This whitetail deer color phase is rarer than an albino.
Last month, we discussed whether we should be shooting albino or piebald deer. Most deer hunters know albino, piebald and leucistic whitetail deer are pretty rare. Many hunters will go their whole lives without ever seeing one.
But there is another deer color variation that's on the exact opposite end of the spectrum.
For today's #WhitetailWednesday, we're going to tell you everything you could ever need to know about melanistic deer.
What causes melanism?
While albinism and leucism are characterized by a full or partial lack of melanin or pigment, melanism is the exact opposite. This is what happens when an animal has too much melanin. Similar to albinism, it's believed to be the result of a genetic mutation of a single gene.
Interestingly enough, while albinism can actually hinder an animal's chances of survival, melanism seems to have the exact opposite effect. It actually appears to be a survival advantage because a dark-colored prey animal is going to more easily blend into its surroundings than a white one will.
Depending on the animal, melanism can actually be fairly common. Jaguars are often documented with this color variation. No doubt you've seen a black squirrel or two in your outdoor adventures, too. For deer, though, melanism is exceedingly rare. In fact, it seems most research biologists don't fully understand it as of yet.
For instance, a white deer is a white deer, but melanistic deer seem to have much more variance in color. The darkest ones seem to be jet-black in appearance, but you'll also see others that are simply a darker or chocolate shade of brown. Some of these deer take on a "muddy" appearance that might fool many hunters into simply thinking they just saw a swamp deer.
How rare are melanistic whitetails?
I've seen numbers saying a true albino might be a 1-in-10,000 occurrence while piebalds might be 1-in-1,000. As far as we know, melanistic deer have only been documented in 29 states, it has to be the rarest deer color phase of all.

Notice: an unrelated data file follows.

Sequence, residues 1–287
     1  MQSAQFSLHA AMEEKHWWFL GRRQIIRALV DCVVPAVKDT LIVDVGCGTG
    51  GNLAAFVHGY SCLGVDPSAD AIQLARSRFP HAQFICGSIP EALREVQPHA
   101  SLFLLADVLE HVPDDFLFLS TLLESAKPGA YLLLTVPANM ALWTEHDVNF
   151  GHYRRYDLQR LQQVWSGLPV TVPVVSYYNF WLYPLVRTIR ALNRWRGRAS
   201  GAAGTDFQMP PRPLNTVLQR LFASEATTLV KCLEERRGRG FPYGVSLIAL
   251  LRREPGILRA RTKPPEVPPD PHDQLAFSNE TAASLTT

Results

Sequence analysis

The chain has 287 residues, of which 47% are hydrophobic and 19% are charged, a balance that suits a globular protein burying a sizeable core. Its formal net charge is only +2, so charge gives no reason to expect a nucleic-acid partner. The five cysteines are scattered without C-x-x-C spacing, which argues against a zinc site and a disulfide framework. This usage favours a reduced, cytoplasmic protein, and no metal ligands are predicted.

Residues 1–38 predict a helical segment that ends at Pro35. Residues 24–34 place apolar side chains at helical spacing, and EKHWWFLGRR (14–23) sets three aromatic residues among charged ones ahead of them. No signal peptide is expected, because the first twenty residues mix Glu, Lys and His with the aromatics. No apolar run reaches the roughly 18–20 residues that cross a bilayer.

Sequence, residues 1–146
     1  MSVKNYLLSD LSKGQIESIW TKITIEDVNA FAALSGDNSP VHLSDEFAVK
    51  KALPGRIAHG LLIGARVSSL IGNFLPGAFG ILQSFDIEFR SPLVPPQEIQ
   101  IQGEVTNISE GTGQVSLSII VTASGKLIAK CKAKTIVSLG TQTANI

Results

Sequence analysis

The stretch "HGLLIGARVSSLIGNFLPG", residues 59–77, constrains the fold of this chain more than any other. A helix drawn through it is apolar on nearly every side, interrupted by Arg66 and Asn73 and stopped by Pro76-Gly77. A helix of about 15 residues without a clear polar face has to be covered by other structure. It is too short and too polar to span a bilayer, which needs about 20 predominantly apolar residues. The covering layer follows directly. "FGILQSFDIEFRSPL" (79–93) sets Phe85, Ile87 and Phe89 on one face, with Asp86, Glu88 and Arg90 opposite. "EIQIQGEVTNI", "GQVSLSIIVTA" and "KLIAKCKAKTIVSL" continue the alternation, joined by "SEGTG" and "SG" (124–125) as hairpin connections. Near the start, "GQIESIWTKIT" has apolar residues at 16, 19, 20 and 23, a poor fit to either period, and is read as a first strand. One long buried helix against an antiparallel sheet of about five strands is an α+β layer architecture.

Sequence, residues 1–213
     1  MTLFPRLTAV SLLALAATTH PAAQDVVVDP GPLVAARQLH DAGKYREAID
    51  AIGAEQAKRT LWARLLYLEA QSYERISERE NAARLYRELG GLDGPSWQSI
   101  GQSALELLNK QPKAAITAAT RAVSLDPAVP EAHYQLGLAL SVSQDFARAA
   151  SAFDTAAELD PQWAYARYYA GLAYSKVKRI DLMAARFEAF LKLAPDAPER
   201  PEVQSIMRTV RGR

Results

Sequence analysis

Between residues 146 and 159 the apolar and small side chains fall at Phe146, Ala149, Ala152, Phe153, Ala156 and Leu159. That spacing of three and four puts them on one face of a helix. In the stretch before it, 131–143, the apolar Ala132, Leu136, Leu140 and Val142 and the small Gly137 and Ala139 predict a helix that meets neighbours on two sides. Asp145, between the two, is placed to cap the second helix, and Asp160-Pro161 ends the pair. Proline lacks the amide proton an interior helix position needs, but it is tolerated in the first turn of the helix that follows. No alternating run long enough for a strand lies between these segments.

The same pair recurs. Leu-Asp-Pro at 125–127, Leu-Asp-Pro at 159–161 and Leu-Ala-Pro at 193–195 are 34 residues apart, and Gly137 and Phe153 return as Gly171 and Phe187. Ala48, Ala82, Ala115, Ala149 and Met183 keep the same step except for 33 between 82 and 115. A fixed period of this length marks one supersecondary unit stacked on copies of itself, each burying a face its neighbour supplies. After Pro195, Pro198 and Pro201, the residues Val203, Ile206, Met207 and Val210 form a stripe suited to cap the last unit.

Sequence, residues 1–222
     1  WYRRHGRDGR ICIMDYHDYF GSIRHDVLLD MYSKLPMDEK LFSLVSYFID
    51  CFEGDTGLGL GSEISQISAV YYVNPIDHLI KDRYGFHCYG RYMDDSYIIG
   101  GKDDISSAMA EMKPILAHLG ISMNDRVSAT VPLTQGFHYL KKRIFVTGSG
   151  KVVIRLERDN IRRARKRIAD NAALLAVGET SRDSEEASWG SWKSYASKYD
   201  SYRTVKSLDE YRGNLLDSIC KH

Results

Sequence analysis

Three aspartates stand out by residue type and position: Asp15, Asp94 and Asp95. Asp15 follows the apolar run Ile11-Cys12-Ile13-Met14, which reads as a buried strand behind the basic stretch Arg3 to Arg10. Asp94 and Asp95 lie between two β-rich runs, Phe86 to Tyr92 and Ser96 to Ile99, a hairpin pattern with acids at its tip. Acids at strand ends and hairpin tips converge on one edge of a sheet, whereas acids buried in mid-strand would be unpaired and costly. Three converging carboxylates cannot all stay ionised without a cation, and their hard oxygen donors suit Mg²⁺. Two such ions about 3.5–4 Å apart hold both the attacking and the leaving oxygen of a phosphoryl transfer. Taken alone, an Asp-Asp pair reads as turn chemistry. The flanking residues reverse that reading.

In 2016, 14-year-old Brooke Bateman of Dallas downed a wide 6-point melanistic buck with bleached-white antlers and a jet-black face and body. It was the only black deer reported in Texas that year. Considering the fact that Lone Star State hunters harvest about 600,000 deer a year, that is overcoming some serious odds!
Interestingly enough, it seems Texas is the place to be for the genetic trait for black deer. The Quality Deer Management Association reports a 1999 Texas Tech University study found the color phase to be more common in eight central Texas counties than anywhere else.
These counties include Guadalupe, Comal, Caldwell, Burnet, Blanco, Hays, Travis and Williamson. Why? No one really seems to know. But these days, when you hear about a deer hunter taking a melanistic whitetail, more often than not someone shot it in Texas.
Famous Melanistic deer
Every time a hunter downs a melanistic deer, it seems to take the deer hunting world by storm. Pictured above is Brooke Bateman's 2016 Texas 6-pointer. Prior to the internet, I'd never heard of a black whitetail before. One of the first photos of one I recall seeing was Andrew Hargrove's 2002 Pennsylvania whitetail. The beautiful 8-pointer had a lighter, chocolate-brown muzzle, but its back, face and ears were jet-black. This was one of the first whitetail deer to go wildly viral on the internet, and many people thought it had to be a Photoshopped image. We're not surprised Andrew decided to go with a full body mount.
Another famous picture is this photo of a woman with a super-dark Texas melanistic buck sometime around 2004. This photo has made its rounds so many times, it's hard to track down the details. All I was able to find was that the photo came from somewhere in Texas.
The rarest deer of all
The odds of shooting a melanistic buck are probably akin to winning the Power Ball lottery. You might have a better chance of shooting a world-record deer than you do a black one. So if you ever see one or have the opportunity to shoot one, count yourself lucky. This kind of whitetail deer just doesn't come around every day!